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More arrested as NC legislature protests continue

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Raleigh Police await protesters at the General Assembly. (Charlotte Huffman, WNCN) Raleigh Police await protesters at the General Assembly. (Charlotte Huffman, WNCN)
RALEIGH, N.C. -

More than two dozen members of the NAACP and other activists were arrested Monday as part of continuing protests of Republican policies in the state capital, bringing to dozens the number of nonviolent demonstrators facing charges.

The demonstrators were arrested Monday by Raleigh and General Assembly police. The number of arrests, as well as the size of the crowd that turned out to offer support, grew from last Monday's demonstrations, when 17 were arrested.

Many of those arrested last week, including the Rev. William Barber, president of the North Carolina chapter of the NAACP, were among the more than 80 people who crowded into the Legislative Building rotunda leading to the Senate chambers to observe and join in chants of protest.

General Assembly Police Chief Jeff Weaver said law enforcement officials decided to admit them despite last week's arrests while they determine what the law permits. He said those arrested most recently will face the same charges of second-degree trespassing, failure to disperse on command and the displaying of signs or placards, which violates building rules.

The group arrested Monday included Barber's 20-year-old son, William Joseph Barber III, a student at North Carolina Central University; William Chafe, former dean of Arts and Sciences at Duke University; Robert Korstad, a professor of public policy and history at Duke; Jacquelyn Dowd Hall, an historian at the University of North Carolina; Charles van der Horst, a professor at the University of North Carolina School of Medicine and members of the social justice group Raging Grannies.

"I started in 1954 at the Youth March for Integrated Schools in New York," said Vicki Ryder of Raging Grannies. "I've been doing this for a long time."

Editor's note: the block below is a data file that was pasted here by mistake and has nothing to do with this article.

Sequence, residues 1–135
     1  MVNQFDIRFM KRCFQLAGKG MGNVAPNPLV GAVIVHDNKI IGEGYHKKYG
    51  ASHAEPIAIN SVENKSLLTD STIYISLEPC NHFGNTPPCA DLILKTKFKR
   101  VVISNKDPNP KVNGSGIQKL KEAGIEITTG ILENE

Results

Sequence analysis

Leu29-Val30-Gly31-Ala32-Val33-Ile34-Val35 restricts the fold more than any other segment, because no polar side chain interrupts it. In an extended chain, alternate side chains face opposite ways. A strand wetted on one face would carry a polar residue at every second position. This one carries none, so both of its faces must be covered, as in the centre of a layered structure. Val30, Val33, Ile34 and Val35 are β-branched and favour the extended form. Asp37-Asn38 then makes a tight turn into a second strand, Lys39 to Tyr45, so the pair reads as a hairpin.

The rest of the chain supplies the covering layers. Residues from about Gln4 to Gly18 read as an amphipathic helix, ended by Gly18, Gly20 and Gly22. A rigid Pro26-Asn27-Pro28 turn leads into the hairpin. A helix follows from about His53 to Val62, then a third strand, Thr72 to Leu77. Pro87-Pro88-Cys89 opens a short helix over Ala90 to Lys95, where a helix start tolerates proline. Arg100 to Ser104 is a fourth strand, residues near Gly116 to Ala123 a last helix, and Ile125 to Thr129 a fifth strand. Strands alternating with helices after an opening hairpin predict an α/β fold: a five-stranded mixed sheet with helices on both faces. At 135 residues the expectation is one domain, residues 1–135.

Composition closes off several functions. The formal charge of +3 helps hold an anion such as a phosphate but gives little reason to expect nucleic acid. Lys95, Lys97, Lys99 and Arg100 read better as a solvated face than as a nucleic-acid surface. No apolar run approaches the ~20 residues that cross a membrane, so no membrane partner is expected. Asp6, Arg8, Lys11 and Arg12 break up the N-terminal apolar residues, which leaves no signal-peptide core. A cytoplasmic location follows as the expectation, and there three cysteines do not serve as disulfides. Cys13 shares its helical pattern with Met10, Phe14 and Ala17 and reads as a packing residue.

She and her fellow protestors directed their anger at the GOP-controlled legislature, which has refused to accept federal dollars to expand Medicaid to provide health insurance to more poor people, cut unemployment benefits, ended the earned income tax credit and passed new voting restrictions. Republicans have controlled the Legislature since 2011.

Van der Horst said those policies, in addition to efforts to restrict access to abortion, expose hypocrisy within the GOP ranks.

"These people don't believe in the sanctity of life," he said. "They believe in protecting their own wealth and their own power."

Jordan Shaw, communications director for House Speaker Thom Tillis, R-Mecklenburg, referred questions to law enforcement officials.

Protest announcements followed the House passage of a bill requiring voters to show photo identification at the polls, which many Democrats and civil rights leaders equate to a poll tax.

Barber said demonstrations with the potential for arrests will continue despite strong GOP opposition, but the hope is to sway Republican Gov. Pat McCrory to intervene or encourage legislators to repeal the laws they've passed.

"If they don't, our goal is simple, which is always the goal of nonviolent civil disobedience, is to shine the unavoidable moral light on that which is wrong until it is so clear to everyone how people have misused their power," he said.

The NAACP will announce details of a tour to press Republican lawmakers in their home districts Tuesday.

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